Date of Graduation
School of Medicine
Valery V Khramtsov
Timothy D Eubank
Mark L McLaughlin
The primary objective of my thesis was to develop and utilize a biocompatible multifunctional trityl spin probe for concurrent measurement of pO2, pHe, and [Pi] in vivo by electron paramagnetic resonance (EPR) spectroscopy (Chapter 2). My first goal was to synthesize the proposed probe we are terming HOPE71. Secondly, HOPE71 was characterized by X-band and L-band EPR spectroscopy. Next, the biocompatibility of HOPE71 was assessed through an albumin binding test, cytotoxicity assays, and in vivo intravenous tolerance. Then, the use of HOPE71 to measure the target parameters was demonstrated in a breast cancer mouse model. In tandem, I developed an application for user friendly fitting of the EPR spectrum of HOPE71 and the related monophosphated probe, pTAM (Chapter 3). Lastly, to demonstrate further skill in synthesis of trityl spin probes, I worked in collaboration with the Saxena lab at the University of Pittsburgh to develop a hydrophilic spin probe with a maleimide linker for structural biology studies using site directed spin labeling and dipolar EPR spectroscopy (Chapter 4).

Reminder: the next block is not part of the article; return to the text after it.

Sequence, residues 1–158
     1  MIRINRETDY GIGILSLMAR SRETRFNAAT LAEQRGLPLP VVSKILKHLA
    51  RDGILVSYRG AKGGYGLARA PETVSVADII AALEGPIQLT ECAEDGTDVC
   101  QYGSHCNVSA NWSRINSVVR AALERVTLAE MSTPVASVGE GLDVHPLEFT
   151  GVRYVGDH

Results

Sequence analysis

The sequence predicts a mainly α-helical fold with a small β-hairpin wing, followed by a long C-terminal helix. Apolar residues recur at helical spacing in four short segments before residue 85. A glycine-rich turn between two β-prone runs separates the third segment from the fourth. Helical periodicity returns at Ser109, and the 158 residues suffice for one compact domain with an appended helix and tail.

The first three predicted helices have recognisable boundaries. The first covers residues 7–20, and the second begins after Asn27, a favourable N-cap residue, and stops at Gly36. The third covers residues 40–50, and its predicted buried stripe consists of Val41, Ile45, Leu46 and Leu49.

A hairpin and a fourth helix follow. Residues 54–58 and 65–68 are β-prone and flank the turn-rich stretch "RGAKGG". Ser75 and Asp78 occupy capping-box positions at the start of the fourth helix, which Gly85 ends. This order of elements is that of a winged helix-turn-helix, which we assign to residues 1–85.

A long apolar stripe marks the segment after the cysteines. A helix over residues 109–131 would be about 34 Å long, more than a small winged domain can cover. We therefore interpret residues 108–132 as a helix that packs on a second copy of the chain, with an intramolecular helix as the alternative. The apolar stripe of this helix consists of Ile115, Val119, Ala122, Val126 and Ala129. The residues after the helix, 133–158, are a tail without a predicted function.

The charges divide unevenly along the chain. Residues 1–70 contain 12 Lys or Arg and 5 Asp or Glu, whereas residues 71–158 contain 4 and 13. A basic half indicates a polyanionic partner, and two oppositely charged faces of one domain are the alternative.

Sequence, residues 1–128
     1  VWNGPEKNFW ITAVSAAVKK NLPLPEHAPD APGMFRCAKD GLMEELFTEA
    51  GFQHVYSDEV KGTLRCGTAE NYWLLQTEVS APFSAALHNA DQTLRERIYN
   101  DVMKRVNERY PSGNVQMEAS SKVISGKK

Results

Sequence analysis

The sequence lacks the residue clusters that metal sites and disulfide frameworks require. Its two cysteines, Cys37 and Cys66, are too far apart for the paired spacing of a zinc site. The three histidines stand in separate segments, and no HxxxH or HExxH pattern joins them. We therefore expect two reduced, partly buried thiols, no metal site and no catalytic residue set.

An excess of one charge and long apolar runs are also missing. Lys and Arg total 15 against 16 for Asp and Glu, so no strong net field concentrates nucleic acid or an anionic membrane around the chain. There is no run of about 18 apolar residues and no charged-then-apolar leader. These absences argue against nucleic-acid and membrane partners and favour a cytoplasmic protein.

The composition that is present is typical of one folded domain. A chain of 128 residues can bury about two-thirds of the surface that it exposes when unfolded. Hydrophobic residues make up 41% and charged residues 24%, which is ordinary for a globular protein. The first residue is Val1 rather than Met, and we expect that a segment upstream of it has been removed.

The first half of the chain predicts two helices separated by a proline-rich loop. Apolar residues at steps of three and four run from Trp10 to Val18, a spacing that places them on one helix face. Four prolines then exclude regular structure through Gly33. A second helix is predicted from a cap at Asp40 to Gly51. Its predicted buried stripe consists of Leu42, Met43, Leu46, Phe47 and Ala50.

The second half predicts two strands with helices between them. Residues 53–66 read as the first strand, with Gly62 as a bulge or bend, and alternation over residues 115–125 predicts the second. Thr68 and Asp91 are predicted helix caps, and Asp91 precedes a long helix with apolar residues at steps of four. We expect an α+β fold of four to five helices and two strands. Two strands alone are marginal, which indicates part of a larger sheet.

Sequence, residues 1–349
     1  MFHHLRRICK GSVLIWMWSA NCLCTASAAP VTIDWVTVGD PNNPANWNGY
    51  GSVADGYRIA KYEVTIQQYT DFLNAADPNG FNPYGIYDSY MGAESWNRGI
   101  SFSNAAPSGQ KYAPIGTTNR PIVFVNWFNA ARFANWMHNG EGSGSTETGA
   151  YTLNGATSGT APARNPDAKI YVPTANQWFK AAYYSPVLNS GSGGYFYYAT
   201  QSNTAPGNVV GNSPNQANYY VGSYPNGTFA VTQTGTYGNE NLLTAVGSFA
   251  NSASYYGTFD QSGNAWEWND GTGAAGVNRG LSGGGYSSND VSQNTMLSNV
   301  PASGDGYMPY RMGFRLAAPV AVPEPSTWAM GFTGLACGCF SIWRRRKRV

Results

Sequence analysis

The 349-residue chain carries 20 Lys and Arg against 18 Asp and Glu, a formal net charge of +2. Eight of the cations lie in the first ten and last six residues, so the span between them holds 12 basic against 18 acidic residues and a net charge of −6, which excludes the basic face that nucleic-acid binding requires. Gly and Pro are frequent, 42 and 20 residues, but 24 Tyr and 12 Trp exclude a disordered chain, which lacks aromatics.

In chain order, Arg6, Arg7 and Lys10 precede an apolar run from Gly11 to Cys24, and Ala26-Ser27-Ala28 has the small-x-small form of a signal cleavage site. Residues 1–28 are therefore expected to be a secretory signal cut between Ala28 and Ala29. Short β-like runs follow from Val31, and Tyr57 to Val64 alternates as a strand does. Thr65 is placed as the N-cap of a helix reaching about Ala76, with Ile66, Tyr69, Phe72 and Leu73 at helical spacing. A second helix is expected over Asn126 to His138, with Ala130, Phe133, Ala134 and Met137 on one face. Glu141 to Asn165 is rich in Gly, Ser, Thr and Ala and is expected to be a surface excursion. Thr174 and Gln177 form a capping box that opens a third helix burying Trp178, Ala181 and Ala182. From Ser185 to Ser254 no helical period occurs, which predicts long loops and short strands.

Gluth, Teresa D., "Biocompatible and Multifunctional Trityl Spin Probes for Electron Paramagnetic Resonance Spectroscopy" (2021). Graduate Theses, Dissertations, and Problem Reports. 8313.
Available for download on Wednesday, July 13, 2022